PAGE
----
I’m sure someone else has written this, but it’s on my mind, so…
I’m waiting and hoping for some major musical artist to say, “Screw this. I’m taking my music off all of the streaming services, and instead will sell it from my website and on Bandcamp.” I don’t understand why this hasn’t happened already.
Of course, many artists don’t have the choice as long as they are under contract with a record label, but there must be some artists of stature who are between contracts and who could therefore make this move. Maybe the economics aren’t what I think they are, but everything I’ve read about the minuscule payments the streaming services offer musicians suggests that artists who already have a following stand a very good chance at least of breaking even by selling rather than streaming; and moreover could set an example for others that might lead to a breaking of the streaming services’ hold on music.
And I say advisedly “hold upon music” as opposed to “hold upon artists,” because as has been amply documented, the way that the streaming services work has exerted enormous power on every aspect of the songmaking process, down to the details of composition. Just listen to this BBC radio documentary for the ugly, ugly details. For instance, because listeners have to stick with a song for 30 seconds on Spotify in order for the artists to get paid, some writers are putting the choruses at the beginning of songs in order to grab people’s attention right away. The very idea of a song building slowly to a climax, or taking an unexpected turn partway through, has become a financial impossibility. In other words, the streaming services are Taylorizing everything about the music industry, which was headed in a Taylorized direction anyway. (Seventy-two songwriters worked on the assembly line called Beyoncé’s Lemonade.)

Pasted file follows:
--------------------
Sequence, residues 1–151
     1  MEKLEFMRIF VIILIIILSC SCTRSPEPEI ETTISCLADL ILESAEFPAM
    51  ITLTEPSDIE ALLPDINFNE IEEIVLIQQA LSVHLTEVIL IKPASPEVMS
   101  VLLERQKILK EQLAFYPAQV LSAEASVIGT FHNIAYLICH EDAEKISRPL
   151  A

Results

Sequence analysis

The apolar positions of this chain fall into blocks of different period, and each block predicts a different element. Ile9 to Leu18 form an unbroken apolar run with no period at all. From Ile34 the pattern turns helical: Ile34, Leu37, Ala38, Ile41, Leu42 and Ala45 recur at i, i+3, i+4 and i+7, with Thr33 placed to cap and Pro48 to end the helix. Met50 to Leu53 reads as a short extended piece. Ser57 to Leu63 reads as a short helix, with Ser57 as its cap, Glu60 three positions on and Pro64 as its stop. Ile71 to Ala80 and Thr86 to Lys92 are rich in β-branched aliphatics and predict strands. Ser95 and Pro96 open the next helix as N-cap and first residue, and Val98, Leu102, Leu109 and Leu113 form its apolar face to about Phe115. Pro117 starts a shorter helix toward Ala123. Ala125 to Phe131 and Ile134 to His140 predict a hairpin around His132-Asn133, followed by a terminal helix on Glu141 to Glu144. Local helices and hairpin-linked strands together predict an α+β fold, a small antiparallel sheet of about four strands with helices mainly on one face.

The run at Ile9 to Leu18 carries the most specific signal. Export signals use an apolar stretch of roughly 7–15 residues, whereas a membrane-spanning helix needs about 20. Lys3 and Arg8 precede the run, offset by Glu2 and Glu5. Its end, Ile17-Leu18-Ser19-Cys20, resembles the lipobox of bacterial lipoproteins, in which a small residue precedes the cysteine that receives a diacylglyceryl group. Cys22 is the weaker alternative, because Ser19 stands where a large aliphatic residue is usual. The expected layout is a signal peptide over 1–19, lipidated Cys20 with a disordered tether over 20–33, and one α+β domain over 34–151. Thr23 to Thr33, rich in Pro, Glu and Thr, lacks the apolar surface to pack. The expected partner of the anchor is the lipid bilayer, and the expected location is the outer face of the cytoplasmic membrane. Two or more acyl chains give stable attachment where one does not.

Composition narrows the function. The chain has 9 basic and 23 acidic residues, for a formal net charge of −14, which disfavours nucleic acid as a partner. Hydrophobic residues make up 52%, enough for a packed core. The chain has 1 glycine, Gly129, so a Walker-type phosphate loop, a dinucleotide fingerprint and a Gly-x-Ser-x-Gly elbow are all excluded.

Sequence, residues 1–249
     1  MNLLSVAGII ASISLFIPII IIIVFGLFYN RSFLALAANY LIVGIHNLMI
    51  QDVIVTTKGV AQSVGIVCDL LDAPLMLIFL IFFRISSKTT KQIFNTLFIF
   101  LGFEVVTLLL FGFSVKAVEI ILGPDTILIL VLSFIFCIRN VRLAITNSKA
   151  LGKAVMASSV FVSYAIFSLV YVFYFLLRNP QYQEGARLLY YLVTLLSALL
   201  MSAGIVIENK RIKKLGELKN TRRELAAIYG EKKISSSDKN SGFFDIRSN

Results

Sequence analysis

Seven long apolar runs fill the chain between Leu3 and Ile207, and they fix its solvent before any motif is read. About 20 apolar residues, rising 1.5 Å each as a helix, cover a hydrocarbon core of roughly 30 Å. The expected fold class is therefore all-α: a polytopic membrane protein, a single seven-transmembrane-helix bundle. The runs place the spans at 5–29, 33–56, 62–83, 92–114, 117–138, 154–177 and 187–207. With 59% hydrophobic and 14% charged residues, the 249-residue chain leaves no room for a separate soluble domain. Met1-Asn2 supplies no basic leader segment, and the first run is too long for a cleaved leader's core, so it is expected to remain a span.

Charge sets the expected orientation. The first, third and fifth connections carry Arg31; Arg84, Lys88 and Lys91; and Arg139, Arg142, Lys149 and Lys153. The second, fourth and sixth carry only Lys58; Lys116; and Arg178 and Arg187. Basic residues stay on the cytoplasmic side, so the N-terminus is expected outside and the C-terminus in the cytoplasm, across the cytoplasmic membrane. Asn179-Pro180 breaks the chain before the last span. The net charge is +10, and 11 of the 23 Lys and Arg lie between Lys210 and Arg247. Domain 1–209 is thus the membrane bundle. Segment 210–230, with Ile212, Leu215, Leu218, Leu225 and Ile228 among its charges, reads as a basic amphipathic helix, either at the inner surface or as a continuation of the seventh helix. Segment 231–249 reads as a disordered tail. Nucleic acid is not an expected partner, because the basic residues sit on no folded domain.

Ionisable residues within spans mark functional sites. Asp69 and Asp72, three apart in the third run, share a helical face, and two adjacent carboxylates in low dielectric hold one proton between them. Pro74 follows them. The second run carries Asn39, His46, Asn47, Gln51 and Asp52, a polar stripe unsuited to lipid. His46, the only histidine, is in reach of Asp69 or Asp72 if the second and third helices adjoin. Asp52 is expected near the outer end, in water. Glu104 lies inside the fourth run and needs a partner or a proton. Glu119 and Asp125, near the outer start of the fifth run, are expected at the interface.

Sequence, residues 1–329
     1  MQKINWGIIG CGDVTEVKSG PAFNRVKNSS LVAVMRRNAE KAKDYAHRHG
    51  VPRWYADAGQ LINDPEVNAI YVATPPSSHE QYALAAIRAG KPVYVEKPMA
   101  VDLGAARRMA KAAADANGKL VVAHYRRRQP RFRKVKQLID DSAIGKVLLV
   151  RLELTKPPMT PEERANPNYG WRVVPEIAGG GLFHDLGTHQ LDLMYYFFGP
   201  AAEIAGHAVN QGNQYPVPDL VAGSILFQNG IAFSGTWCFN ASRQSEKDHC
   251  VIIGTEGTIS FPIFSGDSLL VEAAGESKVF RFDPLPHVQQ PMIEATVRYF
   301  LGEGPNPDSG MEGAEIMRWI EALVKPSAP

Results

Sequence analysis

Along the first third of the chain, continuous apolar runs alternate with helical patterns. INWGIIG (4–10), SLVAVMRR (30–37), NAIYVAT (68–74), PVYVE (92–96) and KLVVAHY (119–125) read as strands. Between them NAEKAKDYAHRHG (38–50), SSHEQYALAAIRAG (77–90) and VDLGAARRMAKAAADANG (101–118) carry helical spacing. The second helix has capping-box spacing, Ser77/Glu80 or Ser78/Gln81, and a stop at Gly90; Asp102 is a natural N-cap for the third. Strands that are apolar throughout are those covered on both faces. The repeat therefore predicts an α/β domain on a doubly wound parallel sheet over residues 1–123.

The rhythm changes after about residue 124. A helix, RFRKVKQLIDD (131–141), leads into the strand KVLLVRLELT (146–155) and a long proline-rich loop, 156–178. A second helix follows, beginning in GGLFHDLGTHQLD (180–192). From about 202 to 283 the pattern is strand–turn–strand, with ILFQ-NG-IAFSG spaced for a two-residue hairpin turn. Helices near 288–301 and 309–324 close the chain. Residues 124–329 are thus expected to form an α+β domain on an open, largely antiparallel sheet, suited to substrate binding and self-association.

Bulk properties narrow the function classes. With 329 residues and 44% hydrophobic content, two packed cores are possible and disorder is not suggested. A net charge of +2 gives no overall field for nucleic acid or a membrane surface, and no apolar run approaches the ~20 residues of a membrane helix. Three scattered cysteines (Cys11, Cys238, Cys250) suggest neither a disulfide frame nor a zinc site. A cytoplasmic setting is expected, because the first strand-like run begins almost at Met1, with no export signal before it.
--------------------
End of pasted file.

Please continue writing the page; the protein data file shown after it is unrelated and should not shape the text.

And yet, with Bandcamp and, in a somewhat different way, SoundCloud, we have options to do things differently — and thereby to preserve the integrity of musical creation. Bandcamp in particular is well-positioned to do for musicians what Substack is doing for journalists: offer them a way to escape a broken system full of roadblocks and perverse incentives. I’m really hoping that a musical act with a big following takes a chance on one of these options. It will definitely be better for the quality of music and in the long run, therefore, better for listeners like me. Even if it costs me a little more money.